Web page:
The Home Defense Carbine
Generally, when you ask anyone about "the perfect home defense weapon," they're going to tell you to get a pump action shotgun or a handgun.
The Shotgun Considered
The reasons for using a shotgun for home defense are generally given as:
Let's examine each of these claims carefully, and analyze each one against a reality test, beginning with the slide racking sound....
In general, I believe it's best to count on clear verbal commands to inform an intruder or attacker of your intent, rather than counting on sound clues they might not hear or respect, or they might use as justification for shooting in self defense.
What about the spread of a shotgun? Will it really clear a room if the barrel is short enough? Let's start with asking a simple question: If a shotgun really spread to the point that you could just "point and shoot," to "clear a room out," is it really something you'd want to use for self defense? Perhaps you don't have kids, but you also don't ever have any guests? It's far too easy to be in a position where a precision shot is required for the shotgun to be useful if the spread is really that much. To see the answer to this question in action, take a look at this article on the Box'O Truth web site. I've copied a picture from their web page to show the problem in a target.
This was shot at around 10 yards, based on the pictures from the Box 'O Truth web site. Of course, this picture gives away the real problem with the spread myth: even with a short barrel, shotgun pellets just won't spread that much. They spread enough to possibly cause problems when the target overlaps something or someone you don't want to shoot, but they don't spread enough to really give you the "room cleaning" power you might think.
What about penetration? Consider this: If 00 shotgun shells won't penetrate wallboard, they won't penetrate humans enough to effect a stop. There are multiple tests showing 00 shotgun pellets penetrating three or four standard pieces of wallboard, as we should expect of any round which effect a stop. Finally, many people will tell you you don't need any training to shoot a shotgun--and this is where I really break with the shotgun theory. In reality, shotguns require a great deal of training to use effectively, possibly more than a handgun would.
Am I saying the shotgun is a terrible home defense weapon? No, certainly not! Shotguns are terrific home defense weapons--if you understand their limitations, and if you get the proper training in their use in these situations. They have positive attributes, and they have negative attributes, like any other firearm.
The Handgun Considered
Handguns are generally considered "the weapon of last resort." A common saying in self defense circles is: "Never take a handgun to a gunfight." Or, rather: "If you know there's going to be a gunfight, brings lots of friends with rifles. If you don't have any friends, bring a rifle. If you can't bring a rifle, then bring a handgun."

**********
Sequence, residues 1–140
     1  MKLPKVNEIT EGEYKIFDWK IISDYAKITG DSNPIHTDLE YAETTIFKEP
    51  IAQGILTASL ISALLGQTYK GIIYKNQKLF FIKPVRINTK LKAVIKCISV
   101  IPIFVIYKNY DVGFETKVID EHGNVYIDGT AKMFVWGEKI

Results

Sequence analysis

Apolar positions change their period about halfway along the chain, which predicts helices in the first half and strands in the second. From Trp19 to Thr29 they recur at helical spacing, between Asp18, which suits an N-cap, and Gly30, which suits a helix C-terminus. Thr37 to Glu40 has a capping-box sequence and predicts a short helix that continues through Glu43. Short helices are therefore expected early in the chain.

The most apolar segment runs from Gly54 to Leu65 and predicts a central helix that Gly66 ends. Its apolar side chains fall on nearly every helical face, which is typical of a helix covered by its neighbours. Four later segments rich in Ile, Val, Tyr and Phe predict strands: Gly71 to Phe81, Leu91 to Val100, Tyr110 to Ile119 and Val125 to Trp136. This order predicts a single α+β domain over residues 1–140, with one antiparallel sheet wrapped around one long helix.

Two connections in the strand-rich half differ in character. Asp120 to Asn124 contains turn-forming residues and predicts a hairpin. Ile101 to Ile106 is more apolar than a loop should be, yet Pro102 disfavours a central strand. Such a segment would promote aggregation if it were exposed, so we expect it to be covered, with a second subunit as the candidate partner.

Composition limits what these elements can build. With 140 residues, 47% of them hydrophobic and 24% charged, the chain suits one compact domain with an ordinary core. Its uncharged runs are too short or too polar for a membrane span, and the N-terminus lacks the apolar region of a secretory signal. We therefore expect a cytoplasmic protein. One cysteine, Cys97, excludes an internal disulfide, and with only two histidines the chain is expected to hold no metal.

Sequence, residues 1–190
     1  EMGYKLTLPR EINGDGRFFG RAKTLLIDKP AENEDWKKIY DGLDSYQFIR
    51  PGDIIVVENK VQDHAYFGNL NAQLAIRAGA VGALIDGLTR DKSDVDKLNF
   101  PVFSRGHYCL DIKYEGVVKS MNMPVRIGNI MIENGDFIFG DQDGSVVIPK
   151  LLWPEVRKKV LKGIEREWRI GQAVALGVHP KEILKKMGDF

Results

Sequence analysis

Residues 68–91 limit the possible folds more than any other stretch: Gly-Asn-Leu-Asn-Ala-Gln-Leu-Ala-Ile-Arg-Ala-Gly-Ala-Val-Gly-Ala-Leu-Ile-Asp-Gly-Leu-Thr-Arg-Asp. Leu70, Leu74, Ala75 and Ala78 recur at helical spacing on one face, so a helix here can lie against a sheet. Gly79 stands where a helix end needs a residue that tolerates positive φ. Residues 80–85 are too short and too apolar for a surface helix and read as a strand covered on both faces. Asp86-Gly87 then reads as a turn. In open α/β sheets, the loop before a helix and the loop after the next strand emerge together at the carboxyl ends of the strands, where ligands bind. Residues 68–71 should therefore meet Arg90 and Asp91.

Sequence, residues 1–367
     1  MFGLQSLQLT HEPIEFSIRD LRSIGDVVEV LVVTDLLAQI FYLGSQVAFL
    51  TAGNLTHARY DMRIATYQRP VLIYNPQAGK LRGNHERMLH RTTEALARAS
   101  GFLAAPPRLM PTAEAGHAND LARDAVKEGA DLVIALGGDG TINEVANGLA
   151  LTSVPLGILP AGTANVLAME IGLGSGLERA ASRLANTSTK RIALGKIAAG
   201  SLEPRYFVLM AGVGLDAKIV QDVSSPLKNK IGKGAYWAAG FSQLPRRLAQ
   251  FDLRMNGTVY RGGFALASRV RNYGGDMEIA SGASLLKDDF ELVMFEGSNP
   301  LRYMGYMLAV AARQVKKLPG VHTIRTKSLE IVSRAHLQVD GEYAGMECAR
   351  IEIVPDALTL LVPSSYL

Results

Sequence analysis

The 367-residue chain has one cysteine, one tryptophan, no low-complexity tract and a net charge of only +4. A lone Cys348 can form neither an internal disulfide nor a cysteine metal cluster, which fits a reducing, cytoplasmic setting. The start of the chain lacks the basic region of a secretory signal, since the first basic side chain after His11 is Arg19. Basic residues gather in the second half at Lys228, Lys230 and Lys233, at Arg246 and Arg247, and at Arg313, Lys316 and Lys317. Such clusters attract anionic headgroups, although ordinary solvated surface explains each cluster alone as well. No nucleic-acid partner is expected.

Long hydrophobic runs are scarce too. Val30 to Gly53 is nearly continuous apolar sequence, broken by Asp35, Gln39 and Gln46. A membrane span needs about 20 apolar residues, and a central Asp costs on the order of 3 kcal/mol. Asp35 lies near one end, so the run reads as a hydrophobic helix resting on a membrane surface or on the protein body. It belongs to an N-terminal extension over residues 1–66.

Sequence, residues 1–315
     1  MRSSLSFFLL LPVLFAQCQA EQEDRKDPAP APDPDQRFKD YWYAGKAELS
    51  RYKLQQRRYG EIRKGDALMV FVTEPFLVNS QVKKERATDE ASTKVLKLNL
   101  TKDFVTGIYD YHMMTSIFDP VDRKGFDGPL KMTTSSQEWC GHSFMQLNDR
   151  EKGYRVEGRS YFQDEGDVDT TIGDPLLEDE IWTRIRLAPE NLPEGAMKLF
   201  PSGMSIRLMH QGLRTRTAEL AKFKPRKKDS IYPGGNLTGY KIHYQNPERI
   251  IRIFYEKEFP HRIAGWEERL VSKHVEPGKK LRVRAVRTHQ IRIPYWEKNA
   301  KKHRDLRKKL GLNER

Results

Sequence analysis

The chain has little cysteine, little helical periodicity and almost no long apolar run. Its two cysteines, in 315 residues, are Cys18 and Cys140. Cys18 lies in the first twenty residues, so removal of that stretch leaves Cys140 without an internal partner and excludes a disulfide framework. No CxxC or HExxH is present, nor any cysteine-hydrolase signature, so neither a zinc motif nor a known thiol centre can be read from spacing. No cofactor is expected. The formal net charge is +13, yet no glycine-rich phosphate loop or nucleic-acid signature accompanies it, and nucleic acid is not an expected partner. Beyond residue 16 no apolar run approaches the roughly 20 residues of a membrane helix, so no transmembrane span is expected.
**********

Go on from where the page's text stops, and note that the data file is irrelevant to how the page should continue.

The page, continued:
That said, handguns do have a good number of advantages for home defense, primary among which is transportability. You can leave a handgun in a holster on a belt or vest, and pick the entire set up if you need to go investigate something--leaving your hands free for other uses. You can operate a handgun with one hand, leaving your other hand free for a flashlight, opening doors, etc. Of course, whether or not you will actually be doing these things when in a home defense situation is going to depend on your home, the area you live in, and other factors. If you live in a suburban neighborhood, or an apartment complex, the odds of you trying to "clear" your house while waiting on some outside help are minimal, so the ability to open doors, operate flashlights, etc, are probably minimal. The best plan, in most situations, is to find a safe spot, call outside help, and wait.
The main downside to handguns is they require a good bit of training and regular practice to use effectively.
The Other Option: The Home Defense Carbine
What is the other options for a home defense firearm? The carbine. Let's examine the characteristics of a carbine, so we can get a handle on what this option actually consists of. Carbines generally:
Let's look at a few carbines, to better understand the type of weapon we're discussing. Below are a few carbines with descriptions for each one.
The Ruger Mini-14 and Mini-30 are both well made and widely respected carbines. All of the Ruger Mini line shoot rifle rounds, with the Mini-14 shooting 223 Remington, the Mini-30 shooting 7.62x39, and a new model shooting 6.8 SPC.This specific rifle is set up for longer range shooting, with a scope. Since this is a semi-auto rifle with a box magazine, it can sustain a high rate of fire with very quick reloads. Ruger carbines generally sell for prices in the $500 range.